I keep a good size cash reserve in a CD in case of emergency then go mostly stocks as I'm a long ways out from retirement as well. Although sending a check to Binky the Doormat is also can't miss. 

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1 minute ago, NutterButter said:

What about it?

I was kidding.  

I will say most people are just fine with big dollops of risk (like now) when everything is running well.  Then they panic in 2009 when their portfolio drops like a rock because they really aren't as risk averse as they thought.  If someone truly isn't comfortable with their portfolio dropping by more than half, then they shouldn't be 100% equities.  I'm not, which is why I'm comfortable giving up .4% per year to drop 40% of the risk.

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1 hour ago, Long Ball Larry said:

Now, wait a minute, you're telling me that when making my financial decisions I should not be listening to Binky the Doormat from the internet.

Interesting stuff on both sides.  I used to be uber-risk-averse, but as I've gotten older and thought more, I've tried to be more aware of calculated risks and obtain more benefits when possible.  I will read those links.  

 
 

:lmao: agree, sounds like a bad idea.  I was serious, though I would never say that allocation was wrong, I would say that it is more about an individual's level of risk tolerance and where they in relation to when they need the money and what their goals are.  One of the first things an advisor is going to do is have to take a risk tolerance test (hopefully an in-depth one) as a part of your initial assessment.  

I have focused on saving and investing since my early 30s - and have made plenty of mistakes.  I have had several planners/advisors over the years and read lots of books - later on, I got hooked into the boglehead site and have read a lot there (including the books).  I would also suggest looking into Firecalc - a retirement planning tool that is free and allows for a number of detailed scenarios - it then runs Monte Carlo simulations based on what you have set up.  

BTW - I am retired, 58, and at a 52% equities / 41% bonds / 7% cash split across what we currently have.  If I was still working I would have a little higher in equities and lower amount in cash.   ETA:  After quite a few years with financial advisors, I have been with Vanguard since 2011.  I use their free advisor services but have not been terribly impressed - had a decent one, the replacement is a robotic C You Next Tuesday.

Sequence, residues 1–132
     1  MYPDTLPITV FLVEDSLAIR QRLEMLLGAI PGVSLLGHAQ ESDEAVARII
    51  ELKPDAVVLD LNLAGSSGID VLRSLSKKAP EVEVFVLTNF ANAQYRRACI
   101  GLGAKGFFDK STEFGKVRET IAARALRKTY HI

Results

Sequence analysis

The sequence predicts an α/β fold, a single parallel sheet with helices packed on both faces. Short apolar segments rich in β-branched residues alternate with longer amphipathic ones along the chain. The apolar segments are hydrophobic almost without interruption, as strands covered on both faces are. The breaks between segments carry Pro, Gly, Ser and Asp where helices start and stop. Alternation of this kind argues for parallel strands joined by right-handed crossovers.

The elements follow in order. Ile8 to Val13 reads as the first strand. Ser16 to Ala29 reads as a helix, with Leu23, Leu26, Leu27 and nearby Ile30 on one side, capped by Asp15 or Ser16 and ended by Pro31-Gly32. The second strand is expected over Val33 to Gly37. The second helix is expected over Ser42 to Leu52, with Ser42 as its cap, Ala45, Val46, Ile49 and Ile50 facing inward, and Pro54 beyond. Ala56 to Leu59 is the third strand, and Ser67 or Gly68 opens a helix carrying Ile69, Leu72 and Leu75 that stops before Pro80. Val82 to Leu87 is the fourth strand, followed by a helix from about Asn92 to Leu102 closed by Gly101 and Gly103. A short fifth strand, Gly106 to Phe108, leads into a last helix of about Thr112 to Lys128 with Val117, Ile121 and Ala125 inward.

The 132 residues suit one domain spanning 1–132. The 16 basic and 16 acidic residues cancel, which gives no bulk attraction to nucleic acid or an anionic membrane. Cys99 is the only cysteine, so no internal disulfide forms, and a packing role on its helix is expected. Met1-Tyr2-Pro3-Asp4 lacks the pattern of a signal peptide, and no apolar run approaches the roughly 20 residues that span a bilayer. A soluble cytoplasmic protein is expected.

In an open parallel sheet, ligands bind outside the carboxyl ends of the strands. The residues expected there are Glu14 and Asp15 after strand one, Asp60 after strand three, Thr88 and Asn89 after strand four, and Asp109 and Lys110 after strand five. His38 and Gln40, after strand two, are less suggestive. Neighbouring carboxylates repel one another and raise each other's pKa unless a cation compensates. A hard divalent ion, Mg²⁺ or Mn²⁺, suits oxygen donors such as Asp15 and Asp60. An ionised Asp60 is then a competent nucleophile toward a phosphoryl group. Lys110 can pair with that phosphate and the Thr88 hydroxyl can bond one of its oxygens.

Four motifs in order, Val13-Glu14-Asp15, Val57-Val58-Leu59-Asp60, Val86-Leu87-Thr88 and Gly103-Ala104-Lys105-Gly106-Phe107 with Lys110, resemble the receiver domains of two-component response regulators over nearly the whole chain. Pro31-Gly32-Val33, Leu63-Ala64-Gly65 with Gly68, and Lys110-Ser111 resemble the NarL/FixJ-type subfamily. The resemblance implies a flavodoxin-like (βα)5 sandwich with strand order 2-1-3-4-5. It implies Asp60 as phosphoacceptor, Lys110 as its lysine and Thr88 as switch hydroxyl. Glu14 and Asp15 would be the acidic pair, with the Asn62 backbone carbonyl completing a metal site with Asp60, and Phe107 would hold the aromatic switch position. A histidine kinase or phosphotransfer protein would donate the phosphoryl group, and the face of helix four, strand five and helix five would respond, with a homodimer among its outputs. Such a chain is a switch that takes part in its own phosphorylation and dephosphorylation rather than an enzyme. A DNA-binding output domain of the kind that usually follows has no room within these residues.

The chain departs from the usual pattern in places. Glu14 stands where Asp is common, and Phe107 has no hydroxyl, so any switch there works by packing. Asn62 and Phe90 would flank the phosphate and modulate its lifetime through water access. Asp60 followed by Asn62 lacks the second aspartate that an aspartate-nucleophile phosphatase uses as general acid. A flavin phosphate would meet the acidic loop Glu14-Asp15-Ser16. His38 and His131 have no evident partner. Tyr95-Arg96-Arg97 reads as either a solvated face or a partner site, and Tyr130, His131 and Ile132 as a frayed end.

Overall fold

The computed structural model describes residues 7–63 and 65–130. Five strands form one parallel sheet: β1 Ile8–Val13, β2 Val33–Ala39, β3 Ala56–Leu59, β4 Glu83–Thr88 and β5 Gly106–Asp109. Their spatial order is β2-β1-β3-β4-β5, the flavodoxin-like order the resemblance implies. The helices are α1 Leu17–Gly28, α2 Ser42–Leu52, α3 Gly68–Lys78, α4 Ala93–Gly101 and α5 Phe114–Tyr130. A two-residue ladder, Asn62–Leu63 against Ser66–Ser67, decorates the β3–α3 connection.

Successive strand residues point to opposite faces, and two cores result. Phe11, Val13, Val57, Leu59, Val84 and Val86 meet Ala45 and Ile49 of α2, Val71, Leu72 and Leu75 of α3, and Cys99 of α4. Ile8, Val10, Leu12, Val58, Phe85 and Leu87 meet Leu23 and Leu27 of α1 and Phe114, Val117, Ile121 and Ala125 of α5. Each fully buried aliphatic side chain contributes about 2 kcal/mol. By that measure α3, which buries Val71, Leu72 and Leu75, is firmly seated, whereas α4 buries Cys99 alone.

Below is a paste from the Bogelhead boards that describes the historical return difference between a 100% equities & an 80%-20% equities/bonds portfolio.  

Right, someone might feel this way if volatility were measured on an annual basis, I'm arguing that if it were measured on a 10 year basis, the volatility increase of 80% vs 100% would be negligibly small. In the mean time, you are significantly sacrificing return by going from 100% equities to 80% equities. 

https://personal.vanguard.com/us/insigh ... llocations 

100% Stocks has an historical return of 9.9% 

80/20 Stocks/Bonds has an historical return of 9.4% 

If you are 20 years old and plan on retiring at 65, a $10,000 investment in a Roth IRA (so neglect taxes) at 9.9% grows to $699,000. That same investment at 9.4% grows to $569,000. A $130,000 difference on only a $10,000 investment.

Edited by Binky The Doormat
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28 minutes ago, GoBirds said:

I keep a good size cash reserve in a CD in case of emergency then go mostly stocks as I'm a long ways out from retirement as well. Although sending a check to Binky the Doormat is also can't miss. 

 

GD right pal.  I wouldn't give you any advice I wouldn't take myself.  :thumbup:

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22 minutes ago, Sand said:

I was kidding.  

I will say most people are just fine with big dollops of risk (like now) when everything is running well.  Then they panic in 2009 when their portfolio drops like a rock because they really aren't as risk averse as they thought.  If someone truly isn't comfortable with their portfolio dropping by more than half, then they shouldn't be 100% equities.  I'm not, which is why I'm comfortable giving up .4% per year to drop 40% of the risk.

 

Dead on target.  

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3 minutes ago, Binky The Doormat said:

:lmao: agree, sounds like a bad idea.  I was serious, though I would never say that allocation was wrong, I would say that it is more about an individual's level of risk tolerance and where they in relation to when they need the money and what their goals are.  One of the first things an advisor is going to do is have to take a risk tolerance test (hopefully an in-depth one) as a part of your initial assessment.